Commercial installs are more likley to run 3-4000hr per year which makes the lower tier of 2.6p useless however if we had a system running longer than the 4000hrs then it returns just about the same as the 4.8p.
    We have several systems designed and provisionally booked for next year after we calculated at the .7p / kWt but now we are unsure of these after we give the new ” lower higher tariff ” to our clients. The commercial was begining to take hold but as usual DECC have moved the goalposts yet again causing more confusion and uncertainty .
    Look forward to your answer
    Dave Thompson

    • Brendon Uys says:

      Dave I totally agree with your comment, I have also run the models with current installations and have found exactly the same answers you have.I cannot understand where DECC gets the 1,314 full run hours from. If you do a simple calculation with an average tariff of 7.2 p equates to about 2300 full run hours per annum.

      DECC please can you publish your calculations on how you have achieved an average of 7.2p using the 1.314 full run hours per annum. I am sure this will clear up a lot of misunderstandings.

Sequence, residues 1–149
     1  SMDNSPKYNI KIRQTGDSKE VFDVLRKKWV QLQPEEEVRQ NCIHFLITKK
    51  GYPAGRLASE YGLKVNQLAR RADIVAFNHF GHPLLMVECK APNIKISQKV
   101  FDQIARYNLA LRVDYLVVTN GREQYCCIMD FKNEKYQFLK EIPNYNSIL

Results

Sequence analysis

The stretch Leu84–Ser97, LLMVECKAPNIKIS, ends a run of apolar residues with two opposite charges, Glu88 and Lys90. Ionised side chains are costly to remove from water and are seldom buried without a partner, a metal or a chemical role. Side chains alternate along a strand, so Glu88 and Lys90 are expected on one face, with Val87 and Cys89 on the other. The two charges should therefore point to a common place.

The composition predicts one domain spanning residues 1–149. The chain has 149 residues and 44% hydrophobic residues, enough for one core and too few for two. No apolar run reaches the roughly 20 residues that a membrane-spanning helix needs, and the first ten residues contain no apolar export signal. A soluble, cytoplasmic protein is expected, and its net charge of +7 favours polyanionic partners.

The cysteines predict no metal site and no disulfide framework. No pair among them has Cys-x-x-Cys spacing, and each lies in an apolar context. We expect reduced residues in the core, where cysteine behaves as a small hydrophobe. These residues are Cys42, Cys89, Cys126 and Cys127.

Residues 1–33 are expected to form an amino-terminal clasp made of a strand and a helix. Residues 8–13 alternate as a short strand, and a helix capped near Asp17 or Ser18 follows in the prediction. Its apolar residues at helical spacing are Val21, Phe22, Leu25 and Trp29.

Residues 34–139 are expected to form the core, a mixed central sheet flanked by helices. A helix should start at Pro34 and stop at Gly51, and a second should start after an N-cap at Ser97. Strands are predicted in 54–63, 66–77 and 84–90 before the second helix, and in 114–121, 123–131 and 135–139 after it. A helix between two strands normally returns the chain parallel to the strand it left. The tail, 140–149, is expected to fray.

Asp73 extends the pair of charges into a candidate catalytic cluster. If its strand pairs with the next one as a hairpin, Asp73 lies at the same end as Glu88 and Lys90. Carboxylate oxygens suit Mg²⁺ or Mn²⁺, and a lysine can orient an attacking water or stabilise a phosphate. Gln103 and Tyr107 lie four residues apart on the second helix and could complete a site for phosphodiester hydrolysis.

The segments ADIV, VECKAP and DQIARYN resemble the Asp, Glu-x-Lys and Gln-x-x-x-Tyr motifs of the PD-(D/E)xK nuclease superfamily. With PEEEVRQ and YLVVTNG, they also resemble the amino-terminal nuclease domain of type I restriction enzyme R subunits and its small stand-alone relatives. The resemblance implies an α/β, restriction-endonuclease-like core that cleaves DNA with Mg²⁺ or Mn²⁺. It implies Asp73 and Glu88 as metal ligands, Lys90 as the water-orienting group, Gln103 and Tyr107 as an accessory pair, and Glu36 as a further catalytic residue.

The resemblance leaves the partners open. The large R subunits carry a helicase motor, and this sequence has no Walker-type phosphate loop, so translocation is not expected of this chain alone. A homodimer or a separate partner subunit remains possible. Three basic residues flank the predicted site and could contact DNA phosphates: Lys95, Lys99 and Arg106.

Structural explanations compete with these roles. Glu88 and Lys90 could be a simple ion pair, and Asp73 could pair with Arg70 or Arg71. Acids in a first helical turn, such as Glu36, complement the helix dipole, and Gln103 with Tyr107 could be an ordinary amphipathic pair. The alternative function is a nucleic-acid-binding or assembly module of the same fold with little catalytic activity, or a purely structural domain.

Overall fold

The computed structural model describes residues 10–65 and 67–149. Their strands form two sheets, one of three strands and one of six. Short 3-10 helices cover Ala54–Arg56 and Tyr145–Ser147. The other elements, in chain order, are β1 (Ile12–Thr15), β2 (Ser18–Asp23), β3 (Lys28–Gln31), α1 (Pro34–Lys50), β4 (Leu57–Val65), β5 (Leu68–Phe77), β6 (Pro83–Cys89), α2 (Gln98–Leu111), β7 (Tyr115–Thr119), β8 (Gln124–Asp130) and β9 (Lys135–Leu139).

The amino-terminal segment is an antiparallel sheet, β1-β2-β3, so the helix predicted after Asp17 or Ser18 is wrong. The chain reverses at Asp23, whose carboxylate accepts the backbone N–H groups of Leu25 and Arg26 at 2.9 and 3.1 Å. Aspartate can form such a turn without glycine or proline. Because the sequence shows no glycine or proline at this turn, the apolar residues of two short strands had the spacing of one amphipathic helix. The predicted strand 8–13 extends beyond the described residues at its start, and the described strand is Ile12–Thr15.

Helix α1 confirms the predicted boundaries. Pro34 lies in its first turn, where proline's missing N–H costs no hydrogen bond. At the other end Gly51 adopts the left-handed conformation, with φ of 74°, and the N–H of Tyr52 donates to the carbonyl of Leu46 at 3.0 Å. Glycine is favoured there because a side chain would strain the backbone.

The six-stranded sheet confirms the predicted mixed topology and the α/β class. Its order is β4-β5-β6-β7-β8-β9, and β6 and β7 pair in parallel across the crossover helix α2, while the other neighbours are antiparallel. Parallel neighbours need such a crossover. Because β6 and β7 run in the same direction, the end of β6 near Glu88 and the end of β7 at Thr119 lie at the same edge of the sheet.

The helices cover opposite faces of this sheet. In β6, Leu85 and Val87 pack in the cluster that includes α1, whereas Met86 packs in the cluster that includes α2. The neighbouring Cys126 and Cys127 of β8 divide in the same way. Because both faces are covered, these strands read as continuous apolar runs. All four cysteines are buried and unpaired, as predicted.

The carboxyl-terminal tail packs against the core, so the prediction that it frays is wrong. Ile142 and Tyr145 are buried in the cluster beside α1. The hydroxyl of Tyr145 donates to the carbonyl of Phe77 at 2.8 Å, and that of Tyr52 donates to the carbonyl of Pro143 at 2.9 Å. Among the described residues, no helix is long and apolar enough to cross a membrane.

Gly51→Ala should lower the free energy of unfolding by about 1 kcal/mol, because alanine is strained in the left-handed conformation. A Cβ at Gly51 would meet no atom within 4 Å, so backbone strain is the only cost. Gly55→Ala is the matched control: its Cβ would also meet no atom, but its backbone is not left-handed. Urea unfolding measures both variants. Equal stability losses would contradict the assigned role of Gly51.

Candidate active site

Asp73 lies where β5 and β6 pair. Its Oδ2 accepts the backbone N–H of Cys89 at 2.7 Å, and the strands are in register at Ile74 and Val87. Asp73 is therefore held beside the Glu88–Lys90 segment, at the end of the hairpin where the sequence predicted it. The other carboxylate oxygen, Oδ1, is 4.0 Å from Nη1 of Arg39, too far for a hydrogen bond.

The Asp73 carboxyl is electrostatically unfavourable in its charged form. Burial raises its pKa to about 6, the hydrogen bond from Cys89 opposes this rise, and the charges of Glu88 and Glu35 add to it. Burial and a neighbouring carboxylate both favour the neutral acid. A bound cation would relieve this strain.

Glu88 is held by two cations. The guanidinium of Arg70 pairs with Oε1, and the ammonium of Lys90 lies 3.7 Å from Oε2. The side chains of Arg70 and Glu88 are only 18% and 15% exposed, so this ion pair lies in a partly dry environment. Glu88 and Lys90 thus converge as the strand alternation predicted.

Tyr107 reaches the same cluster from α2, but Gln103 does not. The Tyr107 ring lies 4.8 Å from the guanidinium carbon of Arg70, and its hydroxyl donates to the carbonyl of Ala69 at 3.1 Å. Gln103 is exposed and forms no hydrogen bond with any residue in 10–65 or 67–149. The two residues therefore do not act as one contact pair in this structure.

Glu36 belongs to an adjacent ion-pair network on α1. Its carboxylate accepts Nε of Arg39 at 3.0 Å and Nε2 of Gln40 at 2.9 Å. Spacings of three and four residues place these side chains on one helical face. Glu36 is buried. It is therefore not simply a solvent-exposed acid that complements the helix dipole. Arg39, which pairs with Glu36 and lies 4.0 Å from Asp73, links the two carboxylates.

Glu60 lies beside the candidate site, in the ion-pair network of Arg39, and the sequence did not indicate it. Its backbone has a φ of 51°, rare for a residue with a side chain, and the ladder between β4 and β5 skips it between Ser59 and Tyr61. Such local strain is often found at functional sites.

I cannot understand why DECC does not treat all renewables the same and have a level playing field for all. The uptake figures clearly state that the RHI is heavily weighted towards Biomass, We were assured that this review would rectify this and balance out the uptake figures.

      Clearly this is not the case as the Biomass tariff has not changed (the budget has just been increased probably taken from the ground source budget) and the ground source tariff has had added unwanted bureaucracy and has effectively been reduced.

      Please can you sort this out and please stop adding to the layers of bureaucracy that you have already created.

      One very dispodant heat pump installer.

      • nick hannigan says: